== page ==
SEC Seeking to Halt Scheme that Raises Investor Funds under the Guise of the JOBS Act

SEC Seeking to Halt Scheme that Raises Investor Funds under the Guise of the JOBS Act

SEC Seeking to Halt Scheme that Raises Investor Funds under the Guise of the JOBS Act


The United States Securities and Exchange Commission announced fraud charges against a Washington State-based company and its owner for defrauding investors with claims to raise billions of investment capital under the JOBS Act and invest it exclusively with domestic companies.

The SEC alleged that Daniel Peterson and his business USA Real Estate Fund 1 guaranteed investors that they could procure considerable returns from an upcoming offering in a product backed by prominent financial companies. Peterson told investors that the 2012 JOBS Act would allow him to raise billions by advertising the offering to the American public, and produce significant profits for early investors. Mr. Peterson took advantage of his investors’ sense of patriotism by promising to invest the funds of the offering in exclusively American companies, and help assist the state of Washington in their economic recovery.

The SEC alleges that Peterson utilized investor money for personal expenses, and is continuing to solicit investors in his scheme.

“We have brought these charges to stop Peterson’s illegal activity before his fraudulent plan picks up more momentum,” said Michael Dicke, the Associate Director in the SEC’s San Francisco Office. “The American JOBS Act is intended to aid small businesses with their capital raising efforts, not to legalize fraud or provide unscrupulous entrepreneurs with the right to make fraudulent claims to dupe investors.”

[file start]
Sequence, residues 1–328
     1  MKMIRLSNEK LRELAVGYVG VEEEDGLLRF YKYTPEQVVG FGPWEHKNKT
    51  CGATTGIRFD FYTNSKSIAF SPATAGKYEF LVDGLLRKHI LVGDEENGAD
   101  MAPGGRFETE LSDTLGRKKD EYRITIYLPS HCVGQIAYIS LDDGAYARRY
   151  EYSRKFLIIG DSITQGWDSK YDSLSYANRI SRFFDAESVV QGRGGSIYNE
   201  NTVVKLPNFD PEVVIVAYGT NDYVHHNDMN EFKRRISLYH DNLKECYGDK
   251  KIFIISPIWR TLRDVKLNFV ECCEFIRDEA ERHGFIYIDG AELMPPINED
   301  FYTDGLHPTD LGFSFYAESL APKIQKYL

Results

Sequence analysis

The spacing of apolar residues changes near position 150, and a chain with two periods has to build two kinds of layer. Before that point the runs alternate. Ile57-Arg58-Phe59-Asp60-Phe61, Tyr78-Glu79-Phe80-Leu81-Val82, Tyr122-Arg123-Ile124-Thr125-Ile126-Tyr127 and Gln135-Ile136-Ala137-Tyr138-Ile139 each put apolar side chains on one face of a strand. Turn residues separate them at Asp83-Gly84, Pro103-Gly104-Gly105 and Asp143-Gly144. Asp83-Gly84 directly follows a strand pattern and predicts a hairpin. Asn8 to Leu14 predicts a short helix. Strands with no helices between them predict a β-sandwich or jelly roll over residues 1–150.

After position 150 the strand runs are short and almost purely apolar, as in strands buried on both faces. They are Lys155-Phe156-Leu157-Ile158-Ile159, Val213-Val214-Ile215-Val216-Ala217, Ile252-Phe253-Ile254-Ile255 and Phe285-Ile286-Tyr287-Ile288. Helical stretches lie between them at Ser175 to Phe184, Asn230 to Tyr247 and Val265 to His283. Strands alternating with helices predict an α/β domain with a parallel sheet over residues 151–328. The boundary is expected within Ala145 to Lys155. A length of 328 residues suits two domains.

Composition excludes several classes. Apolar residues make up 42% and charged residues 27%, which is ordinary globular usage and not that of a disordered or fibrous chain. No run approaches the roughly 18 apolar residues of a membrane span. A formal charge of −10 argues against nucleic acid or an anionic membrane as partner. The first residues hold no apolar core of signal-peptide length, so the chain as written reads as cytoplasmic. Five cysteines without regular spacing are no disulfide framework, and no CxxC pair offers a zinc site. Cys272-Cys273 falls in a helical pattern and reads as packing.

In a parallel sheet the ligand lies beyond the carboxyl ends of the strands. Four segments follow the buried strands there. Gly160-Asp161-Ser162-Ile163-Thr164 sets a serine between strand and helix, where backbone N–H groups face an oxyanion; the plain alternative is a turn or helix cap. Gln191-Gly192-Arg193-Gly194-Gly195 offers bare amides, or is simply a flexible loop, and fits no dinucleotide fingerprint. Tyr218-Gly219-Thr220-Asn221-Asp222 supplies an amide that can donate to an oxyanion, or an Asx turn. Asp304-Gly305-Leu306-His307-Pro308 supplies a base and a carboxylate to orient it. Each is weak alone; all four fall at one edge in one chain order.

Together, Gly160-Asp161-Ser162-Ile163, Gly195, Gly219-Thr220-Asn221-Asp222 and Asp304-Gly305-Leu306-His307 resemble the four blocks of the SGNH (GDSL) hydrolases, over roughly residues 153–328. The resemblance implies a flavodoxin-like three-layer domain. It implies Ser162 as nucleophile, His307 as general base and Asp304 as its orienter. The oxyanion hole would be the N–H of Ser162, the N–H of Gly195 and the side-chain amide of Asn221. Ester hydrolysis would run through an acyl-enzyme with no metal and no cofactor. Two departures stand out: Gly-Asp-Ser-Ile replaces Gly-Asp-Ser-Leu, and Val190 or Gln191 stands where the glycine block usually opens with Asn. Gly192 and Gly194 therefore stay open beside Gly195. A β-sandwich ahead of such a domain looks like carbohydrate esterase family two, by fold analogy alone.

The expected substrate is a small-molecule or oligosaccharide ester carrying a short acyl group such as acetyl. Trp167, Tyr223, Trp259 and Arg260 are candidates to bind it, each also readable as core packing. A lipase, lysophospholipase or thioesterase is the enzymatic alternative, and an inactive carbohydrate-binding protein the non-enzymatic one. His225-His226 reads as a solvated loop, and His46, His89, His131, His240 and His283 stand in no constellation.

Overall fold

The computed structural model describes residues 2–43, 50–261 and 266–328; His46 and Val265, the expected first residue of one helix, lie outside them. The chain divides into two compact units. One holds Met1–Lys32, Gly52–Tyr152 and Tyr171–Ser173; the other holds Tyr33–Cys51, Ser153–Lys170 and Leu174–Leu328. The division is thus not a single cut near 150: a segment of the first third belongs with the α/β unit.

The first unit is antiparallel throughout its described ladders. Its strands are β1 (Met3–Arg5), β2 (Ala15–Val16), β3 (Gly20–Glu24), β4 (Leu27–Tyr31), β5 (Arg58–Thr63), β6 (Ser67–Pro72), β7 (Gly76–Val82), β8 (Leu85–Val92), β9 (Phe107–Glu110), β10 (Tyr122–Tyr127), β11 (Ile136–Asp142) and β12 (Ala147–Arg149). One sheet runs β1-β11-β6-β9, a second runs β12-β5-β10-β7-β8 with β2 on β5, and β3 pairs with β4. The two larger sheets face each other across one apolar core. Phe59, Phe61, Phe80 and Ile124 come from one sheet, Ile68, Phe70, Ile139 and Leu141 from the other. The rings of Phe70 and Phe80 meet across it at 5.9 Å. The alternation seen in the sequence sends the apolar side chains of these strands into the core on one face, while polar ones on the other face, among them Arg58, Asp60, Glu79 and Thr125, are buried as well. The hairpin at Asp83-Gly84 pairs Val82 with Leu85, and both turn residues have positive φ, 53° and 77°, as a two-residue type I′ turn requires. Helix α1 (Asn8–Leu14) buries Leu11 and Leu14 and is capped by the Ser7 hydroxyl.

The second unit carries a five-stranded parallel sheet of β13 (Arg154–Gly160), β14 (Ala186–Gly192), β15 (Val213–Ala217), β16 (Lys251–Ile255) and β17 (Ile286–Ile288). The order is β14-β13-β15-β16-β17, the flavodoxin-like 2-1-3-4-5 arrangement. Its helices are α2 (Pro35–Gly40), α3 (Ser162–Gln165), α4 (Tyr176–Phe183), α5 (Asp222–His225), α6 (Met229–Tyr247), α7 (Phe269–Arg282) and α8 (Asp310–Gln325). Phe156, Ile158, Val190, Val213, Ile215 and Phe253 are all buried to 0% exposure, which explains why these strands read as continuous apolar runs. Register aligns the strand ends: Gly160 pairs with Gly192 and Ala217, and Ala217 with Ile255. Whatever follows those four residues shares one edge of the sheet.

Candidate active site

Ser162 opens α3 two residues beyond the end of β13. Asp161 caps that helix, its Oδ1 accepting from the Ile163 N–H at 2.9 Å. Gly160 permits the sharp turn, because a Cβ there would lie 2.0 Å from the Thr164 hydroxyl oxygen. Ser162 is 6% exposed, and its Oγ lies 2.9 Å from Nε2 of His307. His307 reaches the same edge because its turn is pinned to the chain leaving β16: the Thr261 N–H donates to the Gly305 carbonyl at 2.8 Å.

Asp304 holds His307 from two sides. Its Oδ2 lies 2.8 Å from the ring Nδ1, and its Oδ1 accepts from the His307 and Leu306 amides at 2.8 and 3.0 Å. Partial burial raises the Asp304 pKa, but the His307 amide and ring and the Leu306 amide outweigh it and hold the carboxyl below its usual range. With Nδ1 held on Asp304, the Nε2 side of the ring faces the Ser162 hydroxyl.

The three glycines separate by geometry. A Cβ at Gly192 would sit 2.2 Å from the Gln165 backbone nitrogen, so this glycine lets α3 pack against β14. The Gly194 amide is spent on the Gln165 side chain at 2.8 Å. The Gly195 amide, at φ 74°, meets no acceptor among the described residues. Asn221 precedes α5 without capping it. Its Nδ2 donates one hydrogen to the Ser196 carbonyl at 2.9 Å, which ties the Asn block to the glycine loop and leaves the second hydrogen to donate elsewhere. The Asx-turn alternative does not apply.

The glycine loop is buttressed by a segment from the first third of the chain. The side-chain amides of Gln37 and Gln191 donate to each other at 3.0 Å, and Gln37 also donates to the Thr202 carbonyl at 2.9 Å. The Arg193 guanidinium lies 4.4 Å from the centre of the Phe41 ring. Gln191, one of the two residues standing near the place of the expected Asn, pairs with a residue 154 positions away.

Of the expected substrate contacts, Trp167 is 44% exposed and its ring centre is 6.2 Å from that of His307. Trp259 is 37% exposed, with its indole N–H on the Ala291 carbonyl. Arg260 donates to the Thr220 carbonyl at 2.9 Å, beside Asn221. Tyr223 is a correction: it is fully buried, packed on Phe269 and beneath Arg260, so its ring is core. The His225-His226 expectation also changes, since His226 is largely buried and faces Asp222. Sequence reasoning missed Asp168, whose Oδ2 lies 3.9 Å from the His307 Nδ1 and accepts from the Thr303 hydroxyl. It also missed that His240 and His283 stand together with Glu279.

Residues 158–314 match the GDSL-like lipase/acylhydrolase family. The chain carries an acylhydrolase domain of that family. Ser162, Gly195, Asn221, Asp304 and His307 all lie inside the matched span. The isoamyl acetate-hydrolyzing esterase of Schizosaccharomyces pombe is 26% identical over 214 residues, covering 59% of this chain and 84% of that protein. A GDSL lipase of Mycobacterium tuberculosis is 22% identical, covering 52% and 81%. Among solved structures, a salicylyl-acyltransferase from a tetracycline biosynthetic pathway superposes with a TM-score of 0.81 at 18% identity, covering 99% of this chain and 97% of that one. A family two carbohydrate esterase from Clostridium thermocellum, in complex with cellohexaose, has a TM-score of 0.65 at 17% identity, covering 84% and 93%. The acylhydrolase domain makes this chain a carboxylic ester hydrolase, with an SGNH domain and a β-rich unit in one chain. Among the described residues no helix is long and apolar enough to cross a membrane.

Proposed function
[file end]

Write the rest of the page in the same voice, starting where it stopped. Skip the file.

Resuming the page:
According to the complaint filed in a Washington federal court, Peterson sold common stock in his fund from November 2010 to June of 2012 to more than 20 investors in Washington and five other states. Through e-newsletters and e-mails, Peterson claimed that he was preparing to raise billions in a subsequent offering of “preferred” securities, which he claimed would yield 10-year returns of up to 1,300 percent. Peterson then claimed that two prominent financial firms had partnered with him to bring this offering to the marketplace and that the firms had conducted proper due diligence on his fund and were in the process of structuring pricing models and sales agreements.

All of Peterson’s claims were false; he never created an investment product, the stated returns were made up, and he has never had any affiliation with any Wall Street firm to underwrite his purported offering.

The SEC claims that Peterson used investor funds to pay his rent, entertainment, food, vacations and luxury vehicles. Peterson also is alleged of using investor funds on clothing, luggage, and expenses at a Las Vegas casino. 




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